Egypt remains in turmoil after its president decreed last Thursday that he was no longer subject to the laws of his country—giving himself power over the judiciary and other branches of government.
Egyptian President Mohamed Morsi made his lunge for power shortly after helping to broker a fragile ceasefire in Gaza between Israel and Hamas, the extremist offshoot of his own Muslim Brotherhood. The Muslim Brotherhood’s agenda includes imposing Sharia (Islamic law), curbing the rights of women and religious minorities, abandoning Egypt’s 1979 peace treaty with Israel, and advancing Islamist causes around the world.
Reuters reports that about 370 people have been injured in clashes between protesters and police since Morsi issued his decree last Thursday. The president is meeting with judges today, supposedly on an agreement to amend his decree, but protesters say they want to see it reversed completely.
Morsi has set Egypt on a troubling new foreign policy course since coming to power in June. His government has distanced itself from Washington while cozying up to China, improving relations with Iran, and violating its peace treaty with Israel.
He has escalated Egypt’s cooperation with Hamas, the Palestinian branch of the Muslim Brotherhood that controls Gaza and remains adamantly committed to Israel’s destruction. Morsi’s Islamist-dominated government has cracked down on Egypt’s media and has announced that Egyptian journalists will be put on trial for “insults” to the president. Morsi’s government is systematically clamping down on Egyptians’ political, social, and cultural freedoms. Yet the Obama Administration naively continues to court it as a partner.
Morsi may calculate that his help in administering Band-Aids to the festering Israeli-Palestinian conflict will make the United States and others who give aid to Egypt think twice before trying to reverse his power grab.
The Obama Administration was working on an aid package to Egypt that includes forgiving approximately $1 billion of Egypt’s debt to the United States. This is in addition to about $1.5 billion in annual U.S. foreign aid.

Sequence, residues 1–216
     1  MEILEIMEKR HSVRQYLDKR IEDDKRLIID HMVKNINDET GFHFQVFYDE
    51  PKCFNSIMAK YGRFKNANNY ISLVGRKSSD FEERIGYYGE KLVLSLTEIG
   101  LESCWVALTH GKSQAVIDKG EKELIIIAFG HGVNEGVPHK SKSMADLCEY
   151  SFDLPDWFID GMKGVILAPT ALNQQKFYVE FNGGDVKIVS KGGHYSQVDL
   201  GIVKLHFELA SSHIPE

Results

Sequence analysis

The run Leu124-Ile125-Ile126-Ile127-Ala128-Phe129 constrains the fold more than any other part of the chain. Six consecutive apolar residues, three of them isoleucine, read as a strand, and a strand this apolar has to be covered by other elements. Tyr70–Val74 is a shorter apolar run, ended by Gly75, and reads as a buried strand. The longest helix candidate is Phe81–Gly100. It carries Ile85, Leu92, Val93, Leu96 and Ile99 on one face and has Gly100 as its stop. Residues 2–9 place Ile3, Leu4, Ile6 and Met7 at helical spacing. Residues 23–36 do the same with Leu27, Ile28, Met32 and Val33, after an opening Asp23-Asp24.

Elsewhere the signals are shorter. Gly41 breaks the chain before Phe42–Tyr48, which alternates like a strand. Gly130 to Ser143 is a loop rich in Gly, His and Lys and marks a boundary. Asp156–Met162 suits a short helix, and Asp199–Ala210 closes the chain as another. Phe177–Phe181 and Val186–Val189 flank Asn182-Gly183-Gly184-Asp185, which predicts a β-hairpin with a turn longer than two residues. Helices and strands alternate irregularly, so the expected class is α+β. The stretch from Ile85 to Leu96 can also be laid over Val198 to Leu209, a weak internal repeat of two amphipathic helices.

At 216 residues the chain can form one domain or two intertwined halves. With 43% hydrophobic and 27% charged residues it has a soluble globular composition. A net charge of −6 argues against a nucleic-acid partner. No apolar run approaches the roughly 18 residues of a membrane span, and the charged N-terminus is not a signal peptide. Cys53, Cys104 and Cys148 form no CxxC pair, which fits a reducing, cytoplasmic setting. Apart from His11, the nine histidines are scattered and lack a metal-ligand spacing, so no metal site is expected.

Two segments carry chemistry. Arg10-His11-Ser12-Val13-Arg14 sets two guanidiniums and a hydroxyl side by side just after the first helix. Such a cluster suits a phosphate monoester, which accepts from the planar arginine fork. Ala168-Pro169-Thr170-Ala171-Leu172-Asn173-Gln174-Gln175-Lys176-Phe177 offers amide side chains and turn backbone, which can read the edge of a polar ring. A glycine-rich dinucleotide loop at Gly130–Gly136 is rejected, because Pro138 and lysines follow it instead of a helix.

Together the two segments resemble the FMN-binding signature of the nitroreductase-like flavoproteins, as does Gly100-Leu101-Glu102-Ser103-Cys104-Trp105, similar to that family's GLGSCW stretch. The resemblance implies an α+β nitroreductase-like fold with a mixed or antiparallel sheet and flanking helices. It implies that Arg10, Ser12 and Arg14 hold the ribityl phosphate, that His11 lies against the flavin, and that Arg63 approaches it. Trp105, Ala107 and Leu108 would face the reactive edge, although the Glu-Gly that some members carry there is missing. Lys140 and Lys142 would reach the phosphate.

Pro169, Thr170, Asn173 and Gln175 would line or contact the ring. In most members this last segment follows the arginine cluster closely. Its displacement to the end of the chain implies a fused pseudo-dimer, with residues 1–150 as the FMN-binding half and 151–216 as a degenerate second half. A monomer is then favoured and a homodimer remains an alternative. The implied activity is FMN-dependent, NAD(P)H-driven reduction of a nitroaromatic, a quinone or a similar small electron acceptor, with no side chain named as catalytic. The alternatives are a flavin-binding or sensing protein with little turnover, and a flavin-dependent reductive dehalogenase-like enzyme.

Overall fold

When protesters tore down the American flag at the U.S. embassy in Cairo on September 11, Morsi’s public reaction was nonchalant. Instead of immediately denouncing the attack and taking action to upgrade security around the embassy—as Libyan and Yemeni leaders have done after similar events—Morsi waited a day before casually issuing a mild rebuke to the rioters via Facebook.
The Obama Administration should leverage U.S. aid to pressure the Egyptian leader to respect the rule of law, abide by the decisions of Egypt’s courts, and abandon his drive for absolute power. Morsi has exploited external crises in the past to advance his own ambitions. In August, he used a Sinai terrorist attack that killed Egyptian soldiers as a pretext to purge the Egyptian army of its top Mubarak-era holdovers. Now he has done the same with the judiciary.
Egypt’s judiciary also has pushed back against Morsi’s power grab. The Supreme Council of the Judiciary denounced Morsi’s unilateral assertion of power over the judiciary as “an unprecedented attack on judicial independence.” The Judges Club, an association of judges made up of many appointees by the Mubarak regime, called for a strike by courts across Egypt.
But the judges alone will not be enough to reverse Morsi’s power grab. The key vote will be wielded by the armed forces. Morsi appears confident that he can count on support from key military leaders, whom he hand-picked after purging the top ranks of Mubarak loyalists in August.
While the army’s ultimate verdict on Morsi’s power grab is not yet apparent, Egypt’s investors voted with their wallets and withdrew their money from Egypt’s stock market, which plunged almost 10 percent on Sunday.
The big losers here are the Egyptian people. Their aspirations for freedom and democracy will likely get lost in the shuffle as Egypt’s “Arab Spring” descends into an Islamist winter. But the United States and its allies—particularly Israel—will also find their national interests undermined by the anti-Western drive of Morsi’s Muslim Brotherhood.
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